Now is the right time to become an American Federation of Musicians member. From ragtime to rap, from the early phonograph to today's digital recordings, the AFM has been there for its members. And now there are more benefits available to AFM members than ever before, including a multi-million dollar pension fund, excellent contract protection, instrument and travelers insurance, work referral programs and access to licensed booking agents to keep you working.
As an AFM member, you are part of a membership of more than 80,000 musicians. Experience has proven that collective activity on behalf of individuals with similar interests is the most effective way to achieve a goal. The AFM can negotiate agreements and administer contracts, procure valuable benefits and achieve legislative goals. A single musician has no such power.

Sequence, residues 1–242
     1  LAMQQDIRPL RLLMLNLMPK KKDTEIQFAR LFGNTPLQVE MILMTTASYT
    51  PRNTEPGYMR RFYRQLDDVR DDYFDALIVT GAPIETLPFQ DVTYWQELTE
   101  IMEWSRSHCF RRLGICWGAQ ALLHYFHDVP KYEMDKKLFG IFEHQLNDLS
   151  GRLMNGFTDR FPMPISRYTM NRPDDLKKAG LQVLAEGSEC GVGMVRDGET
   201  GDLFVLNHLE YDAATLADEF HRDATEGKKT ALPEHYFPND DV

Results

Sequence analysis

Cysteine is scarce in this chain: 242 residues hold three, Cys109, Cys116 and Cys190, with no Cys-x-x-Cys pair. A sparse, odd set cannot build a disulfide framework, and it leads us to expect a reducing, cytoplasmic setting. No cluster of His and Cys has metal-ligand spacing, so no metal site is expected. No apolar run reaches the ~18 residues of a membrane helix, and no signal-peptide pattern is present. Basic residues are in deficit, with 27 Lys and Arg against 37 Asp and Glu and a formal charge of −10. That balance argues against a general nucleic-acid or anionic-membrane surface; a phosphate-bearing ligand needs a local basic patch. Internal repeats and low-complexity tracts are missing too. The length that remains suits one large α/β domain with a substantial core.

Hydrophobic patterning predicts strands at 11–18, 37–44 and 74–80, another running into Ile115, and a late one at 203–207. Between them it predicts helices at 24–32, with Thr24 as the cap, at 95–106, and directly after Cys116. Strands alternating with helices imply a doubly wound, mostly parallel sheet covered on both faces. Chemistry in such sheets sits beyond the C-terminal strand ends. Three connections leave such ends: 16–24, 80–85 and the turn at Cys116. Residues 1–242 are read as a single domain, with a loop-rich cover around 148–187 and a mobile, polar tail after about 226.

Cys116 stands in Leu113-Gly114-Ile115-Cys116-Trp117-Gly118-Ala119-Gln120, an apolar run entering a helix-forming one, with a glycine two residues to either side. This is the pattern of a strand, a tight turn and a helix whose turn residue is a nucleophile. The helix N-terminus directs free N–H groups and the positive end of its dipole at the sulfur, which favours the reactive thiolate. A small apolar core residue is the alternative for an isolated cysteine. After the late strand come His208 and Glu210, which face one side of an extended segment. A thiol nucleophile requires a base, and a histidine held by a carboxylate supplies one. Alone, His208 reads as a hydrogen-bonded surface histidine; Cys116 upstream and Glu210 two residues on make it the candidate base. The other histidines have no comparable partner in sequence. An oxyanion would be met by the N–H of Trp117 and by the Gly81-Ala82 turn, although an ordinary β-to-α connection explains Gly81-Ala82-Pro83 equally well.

The AFM has a proud history of managing change rather than being victimized by it. We find strength in adversity, and when the going gets tough, we get creative - all on your behalf.
Like the industry, the AFM is also changing and evolving, and its policies and programs will move in new directions dictated by its members. As a member, you will determine these directions through your interest and involvement. Your membership card will be your key to participation in governing your union, keeping it responsive to your needs and enabling it to serve you better. To become a member now, visit www.afm.org/join.
January 7, 2016IM -
Appraiser Brendan Ryan had no idea that when he visited one Greenwich home he would make the discovery of a lifetime. When he saw the manuscript annotated in German he instantly recognized the writing. A musician, Ryan had been obsessed with Ludwig van Beethoven.
He called his old musical mentor Carmelo Comberiati, a professor at Manhattanville College who had studied Beethoven manuscripts as a Fulbright scholar in Vienna who was able to determine the work, written in 1810, to which the sheet music in question was connected. The page came from a sketchbook the composer used for brainstorming. After Beethoven’s death it was broken up and sold in portions to admirers.
The yellowed sheet music protected under glass went from being a curio in a Greenwich home to selling for $100,000 at auction.